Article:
Students are responsible for making their own arrangements, but they will receive the guidance and support of the Student Internship Coordinator. During January, students will submit a daily electronic journal entry at the end of each day. In addition, each student will articulate his or her personal experience and evaluate his or her work during the internship through a longer written piece and an oral presentation at the end of the experience.
This offering is available to seniors and juniors only; space may be limited.
The Comic Books course will focus on the creation, history, and cultural impact of comic books from the early 20th Century until today. We will learn about a wide variety of comic book publishers, writers, artists, editors and others who are/were involved in the creation of comic books. Opportunities will be provided for students who are interested in writing and drawing their own comic books. Over the course of this class we will read a considerable number of different comics from various publishers and different time periods.
Cooking and Cultures
Food is all around us: it is one of the most basic parts of our lives and helps us feel at home. At the same time, how and why food is made can sometimes be a mystery. In this course, students will develop basic cooking skills and learn about the basics of menus and nutrition, as well as about the business of food and restaurants while exploring the cultural background of certain foods. In the first week, participants will spend one week talking about the fundamentals of cooking, looking at a staple such as bread, and coming to understand the varieties of bread, the reasons different forms of bread developed, and how different breads are made. Approximately one week will be spent considering how to make a multi-course meal or construct a menu. The final week will consider the cultural realities that make different cuisines unique. There will be approximately two field trips each week to local grocery stores for supplies as well as to restaurants around the Chicagoland area to sample cuisine and discuss the business of food with entrepreneurs and chefs.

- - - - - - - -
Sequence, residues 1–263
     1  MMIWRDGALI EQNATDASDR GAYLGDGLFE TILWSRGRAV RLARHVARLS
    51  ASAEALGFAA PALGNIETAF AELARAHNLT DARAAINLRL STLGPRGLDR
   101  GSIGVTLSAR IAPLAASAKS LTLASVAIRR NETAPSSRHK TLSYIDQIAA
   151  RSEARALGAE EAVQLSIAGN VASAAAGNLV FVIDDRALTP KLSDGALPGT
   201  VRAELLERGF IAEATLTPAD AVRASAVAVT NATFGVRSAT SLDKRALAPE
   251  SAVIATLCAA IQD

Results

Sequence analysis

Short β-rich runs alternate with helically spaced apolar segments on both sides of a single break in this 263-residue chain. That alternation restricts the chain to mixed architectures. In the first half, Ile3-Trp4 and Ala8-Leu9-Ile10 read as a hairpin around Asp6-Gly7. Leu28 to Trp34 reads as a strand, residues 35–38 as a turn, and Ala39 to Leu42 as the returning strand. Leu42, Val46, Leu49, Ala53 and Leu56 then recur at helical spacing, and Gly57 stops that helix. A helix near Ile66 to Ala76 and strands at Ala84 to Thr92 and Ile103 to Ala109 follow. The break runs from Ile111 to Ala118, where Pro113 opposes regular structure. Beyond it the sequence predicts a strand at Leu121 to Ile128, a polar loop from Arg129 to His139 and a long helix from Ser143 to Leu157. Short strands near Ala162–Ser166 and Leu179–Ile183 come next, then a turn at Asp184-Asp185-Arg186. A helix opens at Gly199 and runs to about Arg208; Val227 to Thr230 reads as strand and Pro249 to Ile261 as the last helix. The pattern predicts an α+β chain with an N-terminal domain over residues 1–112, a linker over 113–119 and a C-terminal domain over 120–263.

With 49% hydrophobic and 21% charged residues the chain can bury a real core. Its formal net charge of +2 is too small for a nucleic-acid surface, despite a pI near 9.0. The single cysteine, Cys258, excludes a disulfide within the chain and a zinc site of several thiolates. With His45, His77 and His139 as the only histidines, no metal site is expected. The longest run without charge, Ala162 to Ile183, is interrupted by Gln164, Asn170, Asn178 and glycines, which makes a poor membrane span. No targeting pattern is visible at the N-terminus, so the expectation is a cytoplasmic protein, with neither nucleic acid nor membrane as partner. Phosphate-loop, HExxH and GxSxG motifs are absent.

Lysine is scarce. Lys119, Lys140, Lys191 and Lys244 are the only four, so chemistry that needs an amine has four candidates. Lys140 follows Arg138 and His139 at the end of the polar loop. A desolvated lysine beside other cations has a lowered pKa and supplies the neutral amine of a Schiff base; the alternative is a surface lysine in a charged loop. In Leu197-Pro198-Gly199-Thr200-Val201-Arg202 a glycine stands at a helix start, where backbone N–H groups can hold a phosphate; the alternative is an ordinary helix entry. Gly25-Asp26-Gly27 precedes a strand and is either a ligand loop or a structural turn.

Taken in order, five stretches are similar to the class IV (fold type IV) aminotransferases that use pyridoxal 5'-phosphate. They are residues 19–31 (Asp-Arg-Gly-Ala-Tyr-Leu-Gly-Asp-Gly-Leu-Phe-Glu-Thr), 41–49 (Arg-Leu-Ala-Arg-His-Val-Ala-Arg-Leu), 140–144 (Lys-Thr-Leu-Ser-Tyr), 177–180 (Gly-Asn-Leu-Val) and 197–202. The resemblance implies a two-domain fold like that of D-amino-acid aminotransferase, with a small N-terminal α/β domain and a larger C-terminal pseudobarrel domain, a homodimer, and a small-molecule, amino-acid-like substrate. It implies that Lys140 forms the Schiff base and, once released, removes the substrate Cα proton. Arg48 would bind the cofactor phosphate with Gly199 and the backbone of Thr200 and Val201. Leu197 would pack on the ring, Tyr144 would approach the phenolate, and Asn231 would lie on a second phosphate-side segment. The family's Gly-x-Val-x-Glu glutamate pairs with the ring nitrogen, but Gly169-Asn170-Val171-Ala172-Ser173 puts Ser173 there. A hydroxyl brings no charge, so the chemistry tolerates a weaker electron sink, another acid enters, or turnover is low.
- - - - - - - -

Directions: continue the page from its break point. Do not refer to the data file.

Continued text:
Have you ever wondered how crimes are solved? What exactly are crime scene investigators looking for when they are examining evidence? How is this evidence used in a court of law? In this course, students will learn how to examine and document a crime scene and investigate a wide range of evidence including fingerprints, hair, fiber, blood, ballistics, and handwriting. Through conversations with experts in the field and through practical lab experiences, students will immerse themselves in all branches of forensic investigation. Disciplines from anthropology to psychology to computer science to linguistics all contribute to make a strong legal case or refute one. This hands-on course will study real-life cases from the origins of forensic science to cases currently in the news. Finally, we will analyze a variety of evidence pertaining to on-campus “criminal” activity! The study of forensics allows for a major emphasis on complex reasoning, critical thinking, and creative synthesis, skills that are indispensable in any discipline.
Hard-Boiled Fiction and Film
Hard-boiled crime fiction often features as the protagonist a private detective who has been hired by a woman in trouble and the police either can’t or won’t help her. Of course, there’s more to the case than the client lets on. He’s dealing with killers, so, the private detective acts tough and talks that way, too. He’s a loner, who has a code of honor that may not be strictly legal, but it is moral. He can handle threats and take a beating, so don’t expect him to give up a case or betray a client. He’s a smart-aleck and talks that way. Battling a corrupt political or criminal organization, he prevails because he’s true to his code. Gritty as sandpaper, these stories took the detective out of the parlor and into the city streets. We will read a few of these novels, such as those by Raymond Chandler (The Long Goodbye, The Big Sleep) and Dashiell Hammett (The Maltese Falcon, The Thin Man), and watch the movies inspired by them. We will look at how the hard-boiled private detective influenced comic-book characters, such as Batman and The Watchmen’s Rorschach. We may also read a novel or two from the related genre of the roman noir, where the self-destructive protagonist is not a detective, but instead a victim, a suspect, or a perpetrator of a crime. Such books (and movies) could include Dorothy Hughes’s In A Lonely Place or James Cain’s Double Indemnity. Some afternoons we will play whodunit board games. Field trips will consist of one or two escape room experiences.
Identity: Portrayal of Self Through the Fine Arts
Many artists use their work to express, explore, and question ideas about identity.
Identity is the way we perceive and express ourselves. Factors and conditions that an individual is born with, whether physical, psychological, or cultural, often play a role in defining one’s identity. However, many aspects of a person’s identity change throughout his or her life. People’s experiences can alter how they see themselves or are perceived by others. Conversely, their identities also influence the decisions they make: Individuals choose their friends, adopt certain fashions, and align themselves with political beliefs based on their identities. Artists also often explore the idea of group identity-- expressions of how people see themselves as part of a nationality, a religion, a region, or other cultural sub-group.